Cookbook Fundraising

Cookbook fundraising - Its a tasty little earner!

Writing a charity recipe book is surprisingly easy and straightforward. They can be good money-makers, whilst the basic idea can be adapted and tweaked to fit all sorts of groups and situations.

Church recipe compilations in particular sell well. Whilst books comprising recipes from your work colleagues are an easy way to get your workplace or company behind a cause or charity.

The other great thing about cookbook fundraising is that it can involve contributions from right across your organisation. This can help bring your group, school, community or congregation come together in a great way.

A successful group project is fantastic for morale and building a sense of belonging. Sharing special recipes for a charity cookbook is a perfect way to get to know people.

And hey if nothing else - someone's recipe for pea and parsnip pudding might be the best thing you've ever tasted!

Themes for you cookbook

Charity cookbooks can be general or follow a specific theme.

Examples might be:

  • St David's Church - Great Supper Ideas
  • Newtown Junior School - From Asparagus to Zucchini - The A to Z of Super Soups
  • Bankside Community Association Present - Better Barbecues the Bankside Way
  • Better Baking with The All Saints Sixth Form
  • School Dinners at King Arthur's Elementary School- A Collection Of Old School Recipes
  • Perfect Puddings From Paisley Park Youth Club
  • Campfire Classics - Park Vale Scout Troop
  • In Training With West Fields Sports Club - Recipes for fitness and stamina

You can see that there are lots of possibilities. Come up with one that will suit your situation. Don't forget the best cookbook fundraising ideas should be fun. Your charity cookbook needs to stand out to capture the imagination of both contributors and potential purchasers.

Compiling the cookbook

To put together a charity cookbook it is usual to have one or two people in over all charge to co-ordinate things.

Other people are then invited to submit their own best loved family recipes. Its usual to include the name of the person whose recipe it is along with their personal story about the dish and why it is so great.

The co-ordinator is responsible for bringing the whole thing together. This will probably involve chasing people up for promised contributions and ensuring that all the recipes received are suitable and fit the brief.

The style for the book and the way it will be laid out should be carefully chosen. Recipes might be featured alphabetically or split into chapters based around particular ingredients.

Recipes should be re-written to fit a common design and layout. Do include a clear index and page guide for the cookbook. Decide on whether you will use imperial or metric (or both) measurements and stick to it.

As you re-write the recipes check that you think they will work OK. It is easy for people to miss an ingredient off a list that they then refer to later. Make sure nothing is missing. Or that all listed ingredients are actually being used.

Producing the cookbook

The final production of the book can vary from:

Very basic

A number of photo-copied sheets of A4 paper stapled together into a simple but cheap to produce booklet.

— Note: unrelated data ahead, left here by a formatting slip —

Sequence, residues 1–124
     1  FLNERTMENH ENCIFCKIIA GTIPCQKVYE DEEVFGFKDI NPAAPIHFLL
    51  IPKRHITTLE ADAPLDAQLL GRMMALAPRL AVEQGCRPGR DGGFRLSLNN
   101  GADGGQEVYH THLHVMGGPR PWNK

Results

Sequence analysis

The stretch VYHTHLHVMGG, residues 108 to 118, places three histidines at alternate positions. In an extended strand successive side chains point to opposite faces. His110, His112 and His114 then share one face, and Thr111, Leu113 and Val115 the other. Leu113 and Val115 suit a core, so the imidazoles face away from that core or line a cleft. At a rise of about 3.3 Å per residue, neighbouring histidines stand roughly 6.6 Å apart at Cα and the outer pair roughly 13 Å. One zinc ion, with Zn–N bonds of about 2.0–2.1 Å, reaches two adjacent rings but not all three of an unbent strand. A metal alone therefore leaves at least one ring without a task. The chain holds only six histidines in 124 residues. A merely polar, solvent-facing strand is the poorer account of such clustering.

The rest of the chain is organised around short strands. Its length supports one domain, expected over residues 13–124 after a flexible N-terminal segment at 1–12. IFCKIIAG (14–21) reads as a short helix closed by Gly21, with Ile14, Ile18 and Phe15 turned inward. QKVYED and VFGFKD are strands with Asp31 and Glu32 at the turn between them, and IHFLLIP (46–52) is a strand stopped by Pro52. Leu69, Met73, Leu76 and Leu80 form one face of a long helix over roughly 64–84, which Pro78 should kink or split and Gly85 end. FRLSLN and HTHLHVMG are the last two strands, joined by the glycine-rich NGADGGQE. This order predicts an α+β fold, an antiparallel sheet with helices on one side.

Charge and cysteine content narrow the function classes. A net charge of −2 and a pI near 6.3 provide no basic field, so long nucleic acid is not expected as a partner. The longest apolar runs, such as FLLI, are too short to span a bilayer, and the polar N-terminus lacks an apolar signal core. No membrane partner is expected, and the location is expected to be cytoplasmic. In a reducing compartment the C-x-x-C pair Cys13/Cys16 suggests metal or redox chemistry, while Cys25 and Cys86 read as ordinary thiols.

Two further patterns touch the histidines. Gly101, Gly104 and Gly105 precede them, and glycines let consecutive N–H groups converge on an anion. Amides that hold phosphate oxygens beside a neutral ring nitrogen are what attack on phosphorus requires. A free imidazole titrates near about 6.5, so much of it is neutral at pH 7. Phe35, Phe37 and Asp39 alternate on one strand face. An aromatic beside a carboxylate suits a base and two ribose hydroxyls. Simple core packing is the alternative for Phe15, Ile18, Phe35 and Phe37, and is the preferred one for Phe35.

Very classy

Professionally printed on good quality paper with a glossy cover.

There are of course all sorts of options in between.

Its one of those situations where you have to do your sums.

  • Who is the target customer?
  • How much will they wish / be able to spend.
  • How much will the book cost to produce?

The key to successful cookbook fundraising is getting this right.

If using external printers much of the cost will be initial set up charges. The first run of books will be at a higher cost with the subsequent cost per book dropping quite considerably.

Do get quotes from several print firms. Modern technology has made small run printing very competitive.

There also are a large number of companies specializing in charity cookbook publishing who will take all the headache out of designing and producing the finished book. You simply supply them with your recipes and they do all the rest. This is an easy way of getting a great looking book put together but comes at a cost. Again it is a case of "do the sums".

Selling the books

The advantage of cookbook fundraising is that when it comes to selling the book you have an established army of sales agents - your contributors. Most should be able to sell copies to families and friends.

The books can also be sold at any other fundraising event your organisation puts on or takes part in.

If the cookbooks are of sufficient quality you may be able to persuade a local bookshop to take some on a sale or return basis.

Getting your recipe book reviewed by a local paper (who might like to print some of the recipes) or local radio station may also help sales.

Another idea to generate publicity and sales is to organize a competition whereby purchasers can vote for the best recipe in the book.

Imagination and perseverance are the key to selling the books successfully.

Charity Cookbook Fundraising is a great way to raise money for your organisation and to produce something of which you can be really proud....................Its a guaranteed recipe for success!

Heritage Cookbook Fundraising
Create a great fundraising cookbook with pictures, stories and tasty recipes. Guaranteed to raise more money. Printed in 2-3 weeks. Minimum order - just 4 books. Recommended by Oprah Magazine.

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